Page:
A woman of 30 years old, with two living children and one abortion was received in the emergency unit with clinical picture of hemoperitoneum confirmed by a paracentesis and a positive pregnancy test. In the course of the surgery during which we performed a right total salpingectomy, we suspected an intra-uterine pregnancy. We avoided grasping the uterus with Hysterolap and thus did little manipulation on the uterus. The contralateral adnexae were macroscopically normal and there were no pelvic adhesions. In the immediate post-operative period a pelvic ultrasound was performed which confirmed a nine weeks and three days gestation. Etiological investigations included a Chlamydia serology which depicted a positive IgG at 1/128, vaginal smear and sensitivity test and urogenital Mycoplasma which were negative. The patient was placed on natural progesterone 200 mg/day for 11 weeks. She benefited from a monthly antenatal visit and the pregnancy evolved uneventfully to normal vaginal delivery at 39 weeks of a live female baby.

Case 3

A 32 years old mother of one child with past medical history of secondary infertility of five years duration was rushed into the emergency unit of the hospital with severe abdominal pains, fainting on  eight weeks and two days amenorrhea. The vital parameters on arrival were unstable with a blood pressure of 78/55 mm Hg and a pulse rate of 116 beats per minute; examination of abdomen demonstrated signs of distension and tenderness in favour of a peritoneal collection. A paracentesis was performed which revealed 10 millilitres of uncoagulable blood. The patient was operated the same day after cross-matching blood for eventual transfusion. Intra-operative findings included a right ampullary ruptured pregnancy, hemoperitoneum of 600 ml, flimsy pelvic adhesions involving fallopian tubes and small bowel, the contralateral tube was macroscopically normal; the uterus was increased in size.

We did right total salpingectomy after gentle adhesiolysis and aspiration of hemoperitoneum; little manipulation was done on the uterus. In the post-operative period, an ultrasound was done and an intra-uterine pregnancy of eight weeks described. A full blood count done showed a picture of normocytic anaemia of 7.4 g/dL but the patient refused blood transfusion thus was put on hematinics. Since she was keeping records of recent positive Chlamydia serology, no other investigations was done. The antenatal care consisted of a monthly check and the pregnancy progressed to term. She underwent an elective caesarean section at 39 weeks because of her unfavourable obstetric history and the outcome was a healthy male baby.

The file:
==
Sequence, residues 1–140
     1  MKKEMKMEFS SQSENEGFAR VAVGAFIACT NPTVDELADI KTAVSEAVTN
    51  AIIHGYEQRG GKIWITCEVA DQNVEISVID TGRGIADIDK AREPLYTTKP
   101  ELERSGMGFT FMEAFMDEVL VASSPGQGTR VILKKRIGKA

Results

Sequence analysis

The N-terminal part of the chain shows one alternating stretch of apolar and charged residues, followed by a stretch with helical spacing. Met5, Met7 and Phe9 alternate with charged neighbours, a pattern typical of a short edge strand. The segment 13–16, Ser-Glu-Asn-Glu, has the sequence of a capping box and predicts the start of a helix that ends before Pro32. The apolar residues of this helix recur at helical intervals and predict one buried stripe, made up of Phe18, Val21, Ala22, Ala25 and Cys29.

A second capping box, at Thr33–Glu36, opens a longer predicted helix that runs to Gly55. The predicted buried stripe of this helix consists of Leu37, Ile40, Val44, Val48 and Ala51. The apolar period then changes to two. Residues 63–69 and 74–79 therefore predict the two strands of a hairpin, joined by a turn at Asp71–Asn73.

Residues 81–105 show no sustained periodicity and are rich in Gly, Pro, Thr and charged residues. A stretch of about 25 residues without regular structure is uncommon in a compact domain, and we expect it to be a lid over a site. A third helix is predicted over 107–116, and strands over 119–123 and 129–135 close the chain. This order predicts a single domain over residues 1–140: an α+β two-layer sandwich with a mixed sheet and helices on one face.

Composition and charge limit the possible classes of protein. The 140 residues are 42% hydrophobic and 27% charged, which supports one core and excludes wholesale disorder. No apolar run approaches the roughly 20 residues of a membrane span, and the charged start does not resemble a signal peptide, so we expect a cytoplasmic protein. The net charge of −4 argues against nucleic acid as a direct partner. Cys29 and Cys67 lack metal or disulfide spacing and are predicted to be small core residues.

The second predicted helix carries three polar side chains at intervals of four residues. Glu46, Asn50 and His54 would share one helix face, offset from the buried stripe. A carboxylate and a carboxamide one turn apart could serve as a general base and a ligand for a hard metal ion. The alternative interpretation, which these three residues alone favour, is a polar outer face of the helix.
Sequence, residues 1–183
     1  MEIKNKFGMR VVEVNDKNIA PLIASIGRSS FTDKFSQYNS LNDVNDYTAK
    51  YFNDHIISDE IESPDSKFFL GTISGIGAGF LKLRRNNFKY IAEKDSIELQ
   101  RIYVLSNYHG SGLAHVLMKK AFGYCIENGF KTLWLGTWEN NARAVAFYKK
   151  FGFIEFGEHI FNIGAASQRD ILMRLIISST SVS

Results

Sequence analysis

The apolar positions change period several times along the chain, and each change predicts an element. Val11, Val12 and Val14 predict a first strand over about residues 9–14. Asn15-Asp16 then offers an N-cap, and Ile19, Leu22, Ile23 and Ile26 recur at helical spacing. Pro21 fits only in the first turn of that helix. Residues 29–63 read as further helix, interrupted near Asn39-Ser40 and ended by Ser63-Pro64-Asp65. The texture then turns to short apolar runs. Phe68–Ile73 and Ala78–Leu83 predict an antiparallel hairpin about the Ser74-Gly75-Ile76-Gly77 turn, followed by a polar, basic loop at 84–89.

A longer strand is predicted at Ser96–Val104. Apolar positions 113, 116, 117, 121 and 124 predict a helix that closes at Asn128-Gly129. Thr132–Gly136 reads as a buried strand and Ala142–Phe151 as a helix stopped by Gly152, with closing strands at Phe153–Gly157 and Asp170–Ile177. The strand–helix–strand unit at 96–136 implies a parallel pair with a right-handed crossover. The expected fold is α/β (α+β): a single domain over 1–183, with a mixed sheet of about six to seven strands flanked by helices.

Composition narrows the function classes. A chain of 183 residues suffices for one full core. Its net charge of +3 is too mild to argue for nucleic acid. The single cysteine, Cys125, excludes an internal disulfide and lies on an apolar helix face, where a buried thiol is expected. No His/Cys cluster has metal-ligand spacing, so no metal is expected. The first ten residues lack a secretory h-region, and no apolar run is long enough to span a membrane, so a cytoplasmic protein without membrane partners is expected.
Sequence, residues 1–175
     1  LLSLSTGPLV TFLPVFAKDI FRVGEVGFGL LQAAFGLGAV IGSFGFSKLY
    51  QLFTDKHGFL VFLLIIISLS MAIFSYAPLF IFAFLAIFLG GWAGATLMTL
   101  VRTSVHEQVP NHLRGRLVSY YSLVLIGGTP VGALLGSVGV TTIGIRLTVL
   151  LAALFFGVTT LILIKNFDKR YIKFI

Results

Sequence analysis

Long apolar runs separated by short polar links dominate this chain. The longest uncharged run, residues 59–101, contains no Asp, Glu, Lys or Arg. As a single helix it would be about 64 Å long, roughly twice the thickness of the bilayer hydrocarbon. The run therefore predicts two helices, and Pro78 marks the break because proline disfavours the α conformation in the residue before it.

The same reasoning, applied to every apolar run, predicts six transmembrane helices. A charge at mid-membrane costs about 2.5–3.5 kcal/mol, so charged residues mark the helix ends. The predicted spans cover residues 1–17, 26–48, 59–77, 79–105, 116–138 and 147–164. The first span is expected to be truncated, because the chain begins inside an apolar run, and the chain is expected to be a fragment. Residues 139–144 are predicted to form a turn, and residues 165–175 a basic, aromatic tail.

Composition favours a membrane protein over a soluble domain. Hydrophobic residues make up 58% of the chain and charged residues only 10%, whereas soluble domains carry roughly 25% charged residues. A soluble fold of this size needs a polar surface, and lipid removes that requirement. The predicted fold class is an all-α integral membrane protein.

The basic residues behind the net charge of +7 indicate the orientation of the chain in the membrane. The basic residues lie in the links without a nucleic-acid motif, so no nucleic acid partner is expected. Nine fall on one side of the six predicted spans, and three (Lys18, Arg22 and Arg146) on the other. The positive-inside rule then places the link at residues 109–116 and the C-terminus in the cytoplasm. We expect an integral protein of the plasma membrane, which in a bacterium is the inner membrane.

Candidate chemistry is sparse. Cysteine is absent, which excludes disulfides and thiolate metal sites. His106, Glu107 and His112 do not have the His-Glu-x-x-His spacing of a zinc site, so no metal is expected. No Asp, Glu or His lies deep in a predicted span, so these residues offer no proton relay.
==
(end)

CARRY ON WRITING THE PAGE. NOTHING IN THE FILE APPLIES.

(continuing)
Discussion

Heterotopic pregnancy incidence is in the increase in the world with the development of assisted reproductive technologies (ART) but in the natural conception, this entity is still a very rare event [1,2,7]. The reported incidence of heterotopic pregnancy in natural conception is about 1/30000 live deliveries [1,2]. In our series we registered an incidence of three cases out of 5987 deliveries (1/1996) over a period of six years. This high incidence can be attributed to increasing incidence of pelvic inflammatory infections in our settings and the use of citrate of clomiphene (and sometimes the agonists of FSH) for ovulation induction in disorderly manner by patients. All the three patients of our series have positive Chlamydia serology and these factors have been described by many other authors like risk factors of ectopic and heterotopic pregnancies [1,8-10].